As Amy Duncan heads out on her inaugural tour this month, she shares with Andrew Youngson the process behind her songs
When writing a new piece of music, Amy Duncan lets her emotions be her guide. Since the age of about 17, the Scottish singer-songwriter has been putting her thoughts and feelings into musical form, aiming above all to capture the truth of a moment.
“Sometimes, I just get a feeling that there’s something that needs to come out,” Amy explained of her writing process.
“Like if there’s something difficult going on in my mind. In that way, it’s a little bit like therapy. I find a way of working through things with songwriting; I like to use it as a way to think positively.”
The response to the 38-year-old’s work over the years has been equally emotional.
“A lot of the time, people say they feel really emotional when they listen to my music. I get a lot of ‘that made me cry’. But that’s because my songwriting comes from quite an emotional place.”
Originally entering the world of music as a double bass and piano player, the Glasgow-raised but Edinburgh-based musician has now fully transitioned into the contemporary folk music scene, picking up some skills with the guitar along the way which she puts to good use in devising and performing new pieces.
“I don’t think of myself as a guitarist as such, though,” she said, before adding modestly: “I don’t think I’m particularly skilled in it.”
This modesty of course understates her ability by a long shot, but seems to follow nicely from her approach to songwriting. There’s a beautiful – yet no doubt intricately designed – simplicity to her music, with its soft vocals, clear melodies and emotive lyrics.
In her current series of summer performances – which are part of her first full-blown tour – she takes with her a team of five string musicians. While this might sound like quite a lot of people for a stripped-back musician, Amy’s compositions have been created in such a way that nothing will overpower the emotional messages of her songs.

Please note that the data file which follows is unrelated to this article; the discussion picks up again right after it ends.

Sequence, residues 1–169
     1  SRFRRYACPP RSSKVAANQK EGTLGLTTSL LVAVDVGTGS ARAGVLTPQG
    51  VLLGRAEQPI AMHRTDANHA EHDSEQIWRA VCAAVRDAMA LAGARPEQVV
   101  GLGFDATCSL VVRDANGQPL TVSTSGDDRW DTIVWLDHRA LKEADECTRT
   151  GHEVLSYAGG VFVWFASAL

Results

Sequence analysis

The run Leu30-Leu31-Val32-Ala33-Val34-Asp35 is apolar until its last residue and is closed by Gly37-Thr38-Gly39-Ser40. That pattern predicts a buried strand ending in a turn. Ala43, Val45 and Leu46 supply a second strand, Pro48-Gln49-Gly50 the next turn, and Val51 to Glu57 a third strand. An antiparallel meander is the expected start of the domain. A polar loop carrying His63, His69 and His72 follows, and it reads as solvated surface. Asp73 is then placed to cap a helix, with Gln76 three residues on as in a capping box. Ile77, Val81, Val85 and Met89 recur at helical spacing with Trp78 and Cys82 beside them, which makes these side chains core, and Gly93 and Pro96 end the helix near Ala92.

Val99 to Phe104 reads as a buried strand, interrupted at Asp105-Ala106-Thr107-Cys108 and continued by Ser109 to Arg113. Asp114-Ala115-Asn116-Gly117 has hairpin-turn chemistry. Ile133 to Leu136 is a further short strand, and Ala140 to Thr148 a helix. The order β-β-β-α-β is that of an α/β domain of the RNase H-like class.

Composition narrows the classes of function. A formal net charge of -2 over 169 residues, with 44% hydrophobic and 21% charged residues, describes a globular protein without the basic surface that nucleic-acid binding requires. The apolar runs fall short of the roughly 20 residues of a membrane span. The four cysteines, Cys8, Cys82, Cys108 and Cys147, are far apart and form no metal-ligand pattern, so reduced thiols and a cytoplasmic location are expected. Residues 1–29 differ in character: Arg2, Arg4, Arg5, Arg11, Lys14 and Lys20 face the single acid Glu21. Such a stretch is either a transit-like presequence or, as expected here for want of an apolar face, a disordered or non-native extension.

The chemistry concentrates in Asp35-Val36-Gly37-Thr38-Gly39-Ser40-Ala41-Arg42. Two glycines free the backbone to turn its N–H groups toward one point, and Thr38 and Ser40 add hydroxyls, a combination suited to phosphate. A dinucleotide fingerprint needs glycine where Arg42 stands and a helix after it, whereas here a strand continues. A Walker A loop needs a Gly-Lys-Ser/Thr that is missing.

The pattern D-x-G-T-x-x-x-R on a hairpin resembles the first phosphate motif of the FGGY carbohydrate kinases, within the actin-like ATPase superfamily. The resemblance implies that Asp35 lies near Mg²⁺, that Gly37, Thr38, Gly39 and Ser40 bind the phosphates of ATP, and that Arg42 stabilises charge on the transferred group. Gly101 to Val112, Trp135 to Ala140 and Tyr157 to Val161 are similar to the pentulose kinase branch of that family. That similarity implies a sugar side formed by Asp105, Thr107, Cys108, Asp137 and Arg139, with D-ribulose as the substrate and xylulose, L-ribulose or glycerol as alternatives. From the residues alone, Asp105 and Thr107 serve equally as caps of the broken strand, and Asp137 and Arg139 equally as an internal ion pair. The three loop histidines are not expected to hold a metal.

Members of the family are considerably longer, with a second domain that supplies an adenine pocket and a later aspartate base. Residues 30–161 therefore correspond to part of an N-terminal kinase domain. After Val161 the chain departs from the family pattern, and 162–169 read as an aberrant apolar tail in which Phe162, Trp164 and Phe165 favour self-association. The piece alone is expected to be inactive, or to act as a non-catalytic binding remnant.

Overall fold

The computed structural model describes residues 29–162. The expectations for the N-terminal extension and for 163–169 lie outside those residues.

“I feel that strings add a lot of depth and emotion to the lyrics,” she said.
“The compositions are quite simple, because it doesn’t work well for me to have complicated arrangements because it will take away from the lyrics. It’s about adding textures and depth.”
This has been a busy year for Amy, having already performed at the Easter Canadian Music Alliance in the spring – after being handpicked by Showcase Scotland – and also securing a spot in the Edinburgh Fringe Made in Scotland Showcase at Summerhall next month. And to top it off, there’s the matter of her inaugural tour which has been made possible through funding she won from Creative Scotland.
And all of this while tending to her responsibilities of being a mother to her 14-year-old son, Finn, plus her work as a private music tutor. She has welcomed the challenge, though, and is already getting a huge sense of achievement for making it all happen under her own steam.
“It feels great to be going on tour. I’ve organised the whole thing myself, which I think is actually one of the hardest things I’ve had to do,” she said.
“I’ve had to book musicians, sort all the logistics of accommodation, travel and so on – which is all quite difficult, but good difficult. It’s satisfying that I’ve been able to do that myself.”
Fans and newcomers at Amy’s gigs can look forward to a mixture of old and new work. Some will offer a glimpse into her forthcoming album, Undercurrents, which she will enter the studio later this year to record ahead of a spring/summer 2015 release.
The themes of truth and hidden feeling will loom large in her new work – both of which will surely strike chords with the audience once more.
“If you sing about real things, you will always connect with people, because we’re all human and will have similar stuff going on,” Amy said.
“That’s what people seem to like about my music, the reality of it.”
Amy Duncan is performing currently throughout Scotland as part of a Creative Scotland-funded tour. Forthcoming dates include: the Lemon Tree, Aberdeen, tomorrow night, Friday, July 18; The Ceilidh Place, Ullapool, on Thursday, July 24; Corran Halls, Oban, on Friday, July 25; An Cridhe, Argyll, on Saturday, July 26; Scarinish Hotel, Tiree, on Sunday, July 27; An Tobar, Tobermory, on Tuesday, July 29, and Universal Hall, Findhorn, on Saturday, September 13.